Many applications require more computation than can be handled by a single thread, CPU, process, or machine. This installment of the ongoing Node.js reference architecture series covers the team's experience on how to satisfy the need for larger computational resources in your Node.js application.
Follow the series:
- Part 1: Overview of the Node.js reference architecture
- Part 2: Logging in Node.js
- Part 3: Code consistency in Node.js
- Part 4: GraphQL in Node.js
- Part 5: Building good containers
- Part 6: Choosing web frameworks
- Part 7: Code coverage
- Part 8: Typescript
- Part 9: Securing Node.js applications
- Part 10: Accessibility
- Part 11: Typical development workflows
- Part 12: npm development
- Part 13: Problem determination
- Part 14: Testing
- Part 15: Transaction handling
- Part 16: Load balancing, threading, and scaling
But Node.js is single threaded?
While by default a Node.js process operates in a single-threaded model, current versions of Node.js support worker threads that you can use to start additional threads of execution, each with their own event loop.
In addition, Node.js applications are often made up of multiple different microservices and multiple copies of each microservice, allowing the overall solution to leverage many concurrent threads available in a single computer or across a group of computers.
The reality is that applications based on Node.js can and do leverage multiple threads of execution over one or more computers. How to balance this work across threads, processes, and computers and scale it in times of increased demand is an important topic for most deployments.
Keep it simple
The team's experience is that, when possible, applications should be designed so that a request to a microservice running in a container will need no more than a single thread of execution to complete in a reasonable time. If that is not possible, then worker threads are the recommended approach versus multiple processes running in a single container as there will be lower complexity and less overhead communicating between multiple threads of execution.
Worker threads are also likely appropriate for desktop-type applications where it is known that you cannot scale beyond the resources of a single machine, and it is preferable to have the application show up as a single process instead of many individual processes.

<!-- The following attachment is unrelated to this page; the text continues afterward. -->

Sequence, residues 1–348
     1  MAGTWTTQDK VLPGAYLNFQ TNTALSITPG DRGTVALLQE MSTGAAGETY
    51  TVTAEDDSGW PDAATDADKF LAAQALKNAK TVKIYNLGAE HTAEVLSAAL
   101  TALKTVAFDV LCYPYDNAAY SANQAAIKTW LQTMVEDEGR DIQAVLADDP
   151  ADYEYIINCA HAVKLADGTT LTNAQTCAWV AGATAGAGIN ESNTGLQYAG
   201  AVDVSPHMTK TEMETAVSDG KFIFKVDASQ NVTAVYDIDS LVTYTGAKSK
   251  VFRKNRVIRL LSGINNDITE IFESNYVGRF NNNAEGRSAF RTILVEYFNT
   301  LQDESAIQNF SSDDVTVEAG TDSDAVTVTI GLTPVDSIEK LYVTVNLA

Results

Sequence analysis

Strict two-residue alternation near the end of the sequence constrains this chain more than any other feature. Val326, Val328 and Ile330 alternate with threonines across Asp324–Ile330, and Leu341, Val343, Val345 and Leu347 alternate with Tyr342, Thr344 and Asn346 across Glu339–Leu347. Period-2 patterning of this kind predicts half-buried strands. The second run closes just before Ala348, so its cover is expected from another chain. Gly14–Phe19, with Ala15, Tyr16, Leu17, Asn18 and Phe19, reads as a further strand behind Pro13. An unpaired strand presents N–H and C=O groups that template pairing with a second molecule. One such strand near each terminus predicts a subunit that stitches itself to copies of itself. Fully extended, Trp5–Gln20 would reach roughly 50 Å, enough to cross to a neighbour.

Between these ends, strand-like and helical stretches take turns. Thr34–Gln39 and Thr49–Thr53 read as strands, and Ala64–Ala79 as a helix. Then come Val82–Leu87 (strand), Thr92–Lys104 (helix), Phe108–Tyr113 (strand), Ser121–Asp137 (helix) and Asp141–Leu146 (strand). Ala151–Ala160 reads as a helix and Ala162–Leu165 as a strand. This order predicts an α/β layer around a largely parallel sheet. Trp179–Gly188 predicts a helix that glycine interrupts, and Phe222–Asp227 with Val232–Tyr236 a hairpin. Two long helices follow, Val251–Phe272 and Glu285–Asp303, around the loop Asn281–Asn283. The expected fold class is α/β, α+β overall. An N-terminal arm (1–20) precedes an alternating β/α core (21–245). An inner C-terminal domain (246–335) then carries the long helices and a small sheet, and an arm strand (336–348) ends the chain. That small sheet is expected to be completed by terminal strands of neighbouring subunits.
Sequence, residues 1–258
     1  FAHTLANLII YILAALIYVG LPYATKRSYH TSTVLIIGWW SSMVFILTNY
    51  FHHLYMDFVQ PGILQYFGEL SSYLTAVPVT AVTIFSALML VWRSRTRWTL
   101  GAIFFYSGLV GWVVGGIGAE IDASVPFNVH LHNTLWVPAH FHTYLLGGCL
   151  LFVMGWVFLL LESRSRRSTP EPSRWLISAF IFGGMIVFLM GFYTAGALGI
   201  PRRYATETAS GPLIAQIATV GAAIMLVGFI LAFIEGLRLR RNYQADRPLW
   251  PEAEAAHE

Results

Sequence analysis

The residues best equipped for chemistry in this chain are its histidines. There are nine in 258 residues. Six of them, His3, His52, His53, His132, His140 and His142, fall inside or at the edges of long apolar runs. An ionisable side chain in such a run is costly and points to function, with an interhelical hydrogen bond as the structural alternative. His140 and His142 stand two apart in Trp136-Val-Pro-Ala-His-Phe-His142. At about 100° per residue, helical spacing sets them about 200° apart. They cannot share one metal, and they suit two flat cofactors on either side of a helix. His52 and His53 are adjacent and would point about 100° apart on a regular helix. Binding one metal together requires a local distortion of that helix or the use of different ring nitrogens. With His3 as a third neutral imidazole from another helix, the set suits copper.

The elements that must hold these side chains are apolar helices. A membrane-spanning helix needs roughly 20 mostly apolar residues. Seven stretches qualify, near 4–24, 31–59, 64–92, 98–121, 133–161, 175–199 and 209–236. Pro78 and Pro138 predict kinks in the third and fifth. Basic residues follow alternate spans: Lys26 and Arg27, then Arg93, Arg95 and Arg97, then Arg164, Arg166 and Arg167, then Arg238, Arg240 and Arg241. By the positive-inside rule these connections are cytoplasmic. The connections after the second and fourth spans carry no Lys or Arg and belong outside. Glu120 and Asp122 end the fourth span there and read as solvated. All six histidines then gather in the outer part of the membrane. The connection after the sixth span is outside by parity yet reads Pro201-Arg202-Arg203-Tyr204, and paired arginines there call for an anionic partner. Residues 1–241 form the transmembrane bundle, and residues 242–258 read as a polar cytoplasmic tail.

The team had a very interesting discussion around longer-running requests. Sometimes, you need to do computation that will take a while to complete, and you cannot break up that work.
The discussion centered around the following question: If we have a separate microservice that handles longer running requests and it's okay for all requests of that type to be handled sequentially, can we just run those on the main thread loop?
Most often, the answer turns out to be no because even in that case, you typically have other APIs like health and readiness APIs that need to respond in a reasonable amount of time when the microservice is running. If you have any request that is going to take a substantial amount of time versus completing quickly or blocking asynchronously so other work can execute on the main thread, you will need to use worker threads.
Load balancing and scaling
For requests that are completed in a timely manner, you might still need more CPU cycles than a single thread can provide in order to keep up with a larger number of requests. When implementing API requests in Node.js, they are most often designed to have no internal state, and multiple copies can be executed simultaneously. Node.js has long supported running multiple processes to allow concurrent execution of the requests through the Cluster API.
As you have likely read in other parts of the Node.js reference architecture, most modern applications run in containers, and often, those containers are managed through tools like Kubernetes. In this context, the team recommends delegating load balancing and scaling to the highest layer possible instead of using the Cluster API. For example, if you deploy the application to Kubernetes, use the load balancing and scaling built into Kubernetes. In our experience, this has been just as efficient or more efficient than trying to manage it at a lower level through tools like the Cluster API.
Threads versus processes
A common question is whether it is better to scale using threads or processes. Multiple threads within a single machine can typically be exploited within a single process or by starting multiple processes. Processes provide better isolation, but also lower opportunities to share resources and make communication between threads more costly. Using multiple threads within a process might be able to scale more efficiently within a single process, but it has the hard limit of only being able to scale to the resources provided by a single machine.
As described in earlier sections, the team's experience is that using worker threads when needed but otherwise leaving load balancing and scaling to management layers outside of the application itself (for example, Kubernetes) results in the right balance between the use of threads and processes across the application.
Learn more about Node.js reference architecture
I hope that this quick overview of the load balancing, scaling and multithreading part of the Node.js reference architecture, along with the team discussions that led to that content, has been helpful, and that the information shared in the architecture helps you in your future implementations.
We plan to cover new topics regularly for the Node.js reference architecture series. Until the next installment, we invite you to visit the Node.js reference architecture repository on GitHub, where you will see the work we have done and future topics.
To learn more about what Red Hat is up to on the Node.js front, check out our Node.js page.